State fair aims to please
The Columbus Dispatch – August 03, 2005
Why they go
Ohio State Fair visitors in 2003 ranked these as the top five reasons to go to the fair:
* Fair food 93%
* Commercial exhibits 81%
* Midway 73%
* Livestock 63%
* Classic cars 39%
Source: Saperstein Associates survey
Emily Brinkman, 15, and her brother, Kyle, 11, could barely wait through the summer for Ohio State Fair time.
They knew that after their father finished work, they’d make the 2 1/2 -hour, 130-mile drive late at night from Holgate in Henry County.
Four days of excitement await them — inside a barn.
“We never go over to the midway,” Emily said. “We spend so much time and money to get here, it’s not worth it.”
Emily would rather stay with her Simmental heifers: Perfect, Jasmine, SHeDaisy, Cherry Blossom and Miss February.
At the fairgrounds, she’s a west-side girl.
Other kids will arrive this morning as the 152nd Ohio State Fair prepares to open. Unlike Emily, who works in worn denims and rugged shoes, these fairgoers will come in flashy tops, new shorts, flip-flops and designer sneakers.
And unlike Emily, they’ll head straight for the midway. An animal encounter for them is buying elephant ears.
They are the east-side crowd.
And between the two — the animal barns and show rings of the west side, and the midway rides and concert arenas toward the east — rests the state fair’s biggest challenge.
The fair, a good place to watch people, also offers a great view of changing times, fair General Manager Virgil Strickler said.
“The changes at the fair are mainly because of the world we’re now living in,” Strickler said.
The number of fairgoers who come from the family farm has decreased because the number of family farms has decreased, said Fred L. Dailey, director of the Ohio Department of Agriculture.
Thirty-five years ago, Ohio had 118,000 farms. By 2003, Ohio was home to just 77,600 farms.
But agriculture is still Ohio’s No. 1 industry, bringing in $80 billion a year. Livestock and farming earn their space at the fair.
On the west side.
Meanwhile, Ohio’s big cities have become more urban. People moving to Columbus are as likely to have come from other big cities as they are to have lived in small farming towns.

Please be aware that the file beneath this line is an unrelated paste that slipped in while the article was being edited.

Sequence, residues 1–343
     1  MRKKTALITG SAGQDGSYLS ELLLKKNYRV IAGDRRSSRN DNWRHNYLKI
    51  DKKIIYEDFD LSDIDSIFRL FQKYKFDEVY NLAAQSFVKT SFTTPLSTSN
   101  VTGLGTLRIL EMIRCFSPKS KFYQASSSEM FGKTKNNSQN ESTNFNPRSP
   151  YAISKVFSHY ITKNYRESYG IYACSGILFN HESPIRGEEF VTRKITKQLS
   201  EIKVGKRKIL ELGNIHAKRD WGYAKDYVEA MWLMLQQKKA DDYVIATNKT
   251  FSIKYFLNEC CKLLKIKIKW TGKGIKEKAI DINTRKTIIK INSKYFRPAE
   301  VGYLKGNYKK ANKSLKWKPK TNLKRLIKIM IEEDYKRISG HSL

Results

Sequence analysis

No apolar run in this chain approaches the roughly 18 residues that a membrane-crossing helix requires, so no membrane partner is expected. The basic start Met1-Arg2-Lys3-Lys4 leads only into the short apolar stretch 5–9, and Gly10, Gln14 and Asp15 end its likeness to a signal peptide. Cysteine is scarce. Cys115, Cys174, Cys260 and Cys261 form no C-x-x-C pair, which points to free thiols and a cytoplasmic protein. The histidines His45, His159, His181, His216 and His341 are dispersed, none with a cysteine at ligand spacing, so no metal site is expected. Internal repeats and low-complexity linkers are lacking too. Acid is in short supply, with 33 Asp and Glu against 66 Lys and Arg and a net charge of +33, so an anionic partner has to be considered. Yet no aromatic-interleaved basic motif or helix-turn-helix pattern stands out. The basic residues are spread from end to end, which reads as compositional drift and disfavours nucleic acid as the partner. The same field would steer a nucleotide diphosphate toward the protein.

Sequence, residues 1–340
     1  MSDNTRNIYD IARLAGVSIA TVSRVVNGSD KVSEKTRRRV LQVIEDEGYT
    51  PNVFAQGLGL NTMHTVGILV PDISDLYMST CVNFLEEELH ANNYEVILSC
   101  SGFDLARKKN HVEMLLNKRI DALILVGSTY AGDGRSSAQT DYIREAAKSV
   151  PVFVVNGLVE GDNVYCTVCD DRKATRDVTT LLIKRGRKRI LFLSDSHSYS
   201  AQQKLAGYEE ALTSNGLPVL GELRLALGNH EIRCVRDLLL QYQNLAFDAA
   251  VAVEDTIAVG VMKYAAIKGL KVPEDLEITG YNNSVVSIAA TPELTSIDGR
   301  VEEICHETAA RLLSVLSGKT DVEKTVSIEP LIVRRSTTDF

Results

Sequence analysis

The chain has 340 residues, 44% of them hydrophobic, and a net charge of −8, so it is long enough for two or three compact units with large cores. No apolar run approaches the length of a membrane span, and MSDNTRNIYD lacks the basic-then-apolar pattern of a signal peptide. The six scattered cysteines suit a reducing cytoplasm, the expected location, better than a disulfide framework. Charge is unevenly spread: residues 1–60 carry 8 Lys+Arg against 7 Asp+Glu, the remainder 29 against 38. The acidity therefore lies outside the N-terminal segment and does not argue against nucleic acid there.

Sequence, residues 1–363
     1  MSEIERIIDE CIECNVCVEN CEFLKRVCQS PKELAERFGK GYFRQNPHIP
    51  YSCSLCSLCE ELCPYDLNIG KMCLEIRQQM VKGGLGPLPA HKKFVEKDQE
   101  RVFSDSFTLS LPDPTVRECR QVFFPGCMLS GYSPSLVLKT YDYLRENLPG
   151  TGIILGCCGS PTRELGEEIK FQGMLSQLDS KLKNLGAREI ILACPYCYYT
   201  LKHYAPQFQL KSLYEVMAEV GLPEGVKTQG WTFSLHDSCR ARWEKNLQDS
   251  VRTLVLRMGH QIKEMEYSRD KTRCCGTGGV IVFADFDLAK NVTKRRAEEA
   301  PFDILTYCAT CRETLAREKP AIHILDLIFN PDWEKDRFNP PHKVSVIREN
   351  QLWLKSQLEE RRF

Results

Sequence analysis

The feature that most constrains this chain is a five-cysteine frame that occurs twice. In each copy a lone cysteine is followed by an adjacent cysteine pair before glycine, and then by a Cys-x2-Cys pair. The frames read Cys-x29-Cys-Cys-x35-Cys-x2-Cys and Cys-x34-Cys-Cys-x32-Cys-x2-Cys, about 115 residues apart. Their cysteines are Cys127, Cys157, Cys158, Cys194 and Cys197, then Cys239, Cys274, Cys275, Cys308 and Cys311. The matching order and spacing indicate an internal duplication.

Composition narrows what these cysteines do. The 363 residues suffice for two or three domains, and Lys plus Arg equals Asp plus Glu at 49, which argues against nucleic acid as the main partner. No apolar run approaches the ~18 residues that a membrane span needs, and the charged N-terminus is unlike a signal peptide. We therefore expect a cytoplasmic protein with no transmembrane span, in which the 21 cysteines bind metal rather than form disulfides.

Luis Perez, the fair’s assistant general manager, said a more cosmopolitan crowd means new challenges for attracting fairgoers.
“Over the years, we’ve gotten competition,” he said. “There’s Kings Island and Cedar Point and Wyandot Lake. We’ve had to find out a way to balance becoming too commercial at the fair with that and our agricultural base.”
The largest chunk of fairgoers, about 45 percent of those surveyed, live in central Ohio. They have many other choices for entertainment.
“It’s definitely something we talk about all the time,” Perez said. “There are so many more theme parks, two arenas, plus an amphitheater. We have to find the right mix of entertainment and show what you can’t see in other places.”
In a world of niche marketing, the fair hopes to attract more customers by offering something for everyone.
“Our base has certainly changed. We see that by looking at our gates,” said Christina Minier, marketing director for the fair.
For starters, the fair is trying to lure more teens. Often, they’ve stopped coming with their parents, and don’t have kids yet themselves to bring.
Radio spots are now teasing Game Riot, which allows kids to play new video games not yet in the market.
Surprise, the commercials note, “It’s happening at the Ohio State Fair.”
The fair also is trying to package its exhibits for newer, hipper generations.
The old horticulture display, which featured tables lined with little plates of tomatoes, has given way to an interactive educational exhibit on Ohio agriculture.
And antiques judging has been modified to mirror the popular TV show Antiques Roadshow.
The fair also is emphasizing value and its traditional people-pleasers that private amusement parks can’t offer. Come eat fair food, watch the slicer-dicer men and see the big animals.
While the Brinkman children will stick to the barns with parents Tim and Peggy Brinkman, they’ll meet plenty of city kids.
Educating them is something the Brinkmans and other farm exhibitors see as part of their job.
“In the past, someone may have had a parent who grew up on a farm, or they knew a friend who did,” Mrs. Brinkman said. “Today, it’s very noticeable that people are far-removed.”
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